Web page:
Wednesday, February 18, 2009

Facebook: What's It Good For?

Concerning that broad cross-section of friends, relatives, coworkers, associates, etc., who have fallen from your everyday social circles, Facebook provides a relatively effortless way of keeping them updated. That tug of guilt or loss that comes with the sense that they've dropped from view is removed when, voila!, they become Facebook "friends." This means they can see the photos you've uploaded, receive your fascinating status updates, read your thoughtful notes, and check up on whatever else you've made available.

Considered the other way around, it gives you a painless means of following the people in your life. You can get the gist of what they're up to, what sort of person they've become, what they do work-wise, what their interests are, what they look like, etc., without actually having to hazard a direct interaction with them.

To my way of thinking, this is a pretty irresistible feature -- I don't think I'm alone in having a pretty long list of associates about whom I am curious, but not quite curious enough to write, call, or visit. I suspect I fall in that same category for many of my "friends." Maybe that's just crude prurience by another name, but we are social primates* whether we like it or not.

As I've touched on before, not everything about Facebook is to the good. There are drawbacks to this form of social interaction. And there are more serious perils to be considered:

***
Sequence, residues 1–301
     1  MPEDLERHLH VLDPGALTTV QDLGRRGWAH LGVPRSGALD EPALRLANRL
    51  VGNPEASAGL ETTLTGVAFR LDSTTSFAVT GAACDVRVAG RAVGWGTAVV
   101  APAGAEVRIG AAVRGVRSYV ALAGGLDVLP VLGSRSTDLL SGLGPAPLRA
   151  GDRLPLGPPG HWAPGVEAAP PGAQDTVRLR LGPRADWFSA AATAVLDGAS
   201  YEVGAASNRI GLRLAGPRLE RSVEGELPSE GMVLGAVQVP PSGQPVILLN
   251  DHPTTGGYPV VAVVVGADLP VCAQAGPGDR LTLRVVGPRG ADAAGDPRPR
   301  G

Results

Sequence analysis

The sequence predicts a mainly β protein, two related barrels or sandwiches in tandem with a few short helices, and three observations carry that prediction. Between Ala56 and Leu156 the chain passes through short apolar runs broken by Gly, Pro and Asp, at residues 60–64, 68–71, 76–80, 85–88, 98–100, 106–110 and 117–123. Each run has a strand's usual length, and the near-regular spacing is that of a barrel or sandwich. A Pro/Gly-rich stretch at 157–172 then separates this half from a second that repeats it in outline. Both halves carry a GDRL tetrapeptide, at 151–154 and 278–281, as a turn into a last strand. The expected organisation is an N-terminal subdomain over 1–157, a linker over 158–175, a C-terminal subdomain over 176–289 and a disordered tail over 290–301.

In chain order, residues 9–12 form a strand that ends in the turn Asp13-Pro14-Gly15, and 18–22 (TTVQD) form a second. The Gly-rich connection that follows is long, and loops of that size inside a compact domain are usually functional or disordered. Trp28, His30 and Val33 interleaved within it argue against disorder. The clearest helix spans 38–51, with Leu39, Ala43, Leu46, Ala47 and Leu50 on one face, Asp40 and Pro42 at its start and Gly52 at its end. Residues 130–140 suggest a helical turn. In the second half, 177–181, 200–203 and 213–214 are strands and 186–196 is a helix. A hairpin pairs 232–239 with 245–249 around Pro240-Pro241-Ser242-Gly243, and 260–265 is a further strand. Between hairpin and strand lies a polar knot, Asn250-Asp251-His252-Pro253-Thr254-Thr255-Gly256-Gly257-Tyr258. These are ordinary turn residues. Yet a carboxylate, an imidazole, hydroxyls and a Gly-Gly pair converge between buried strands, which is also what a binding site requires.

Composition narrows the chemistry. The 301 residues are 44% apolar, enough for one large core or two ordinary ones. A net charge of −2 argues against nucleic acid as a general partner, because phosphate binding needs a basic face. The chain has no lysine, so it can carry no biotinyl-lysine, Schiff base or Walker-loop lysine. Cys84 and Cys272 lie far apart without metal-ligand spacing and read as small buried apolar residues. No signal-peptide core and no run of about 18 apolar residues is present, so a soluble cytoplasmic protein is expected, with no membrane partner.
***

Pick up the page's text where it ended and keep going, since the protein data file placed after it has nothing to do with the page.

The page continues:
Earlier this month, Facebook deleted a provision from its terms of service that said users could remove their content at any time, at which time the license would expire. It added new language that said Facebook would retain users’ content and licenses after an account was terminated.
Granted, Facebook has rolled back its new terms of service given the outpouring of complaints, but they've revealed at least two non-trivial things: first, how they would prefer to regard the nature and ownership of user-shared data; and second, a willingness to alter their basic relationship with end-users according to their own shifting druthers.

I'm not sure I want a "friend" like that.


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* The mention of primates reminds me of something potentially important: I don't care how much you've been working out, do not start a fight with a chimp. They're much stronger than they look, and notwithstanding their rudimentary moral sense, they will not be bound by the rules of honorable fighting.

2 comments:

larryniven said...

Absolutely nothing - say it again!

That's about as far as I can go with it, though, cause I think it'd be going waaaaay too far to say that facebook is friend only to the undertaker.

Dale said...

All things considered, I can't justify membership on FB. It's like pride as described in Pulp Fiction -- it never helps. It only hurts.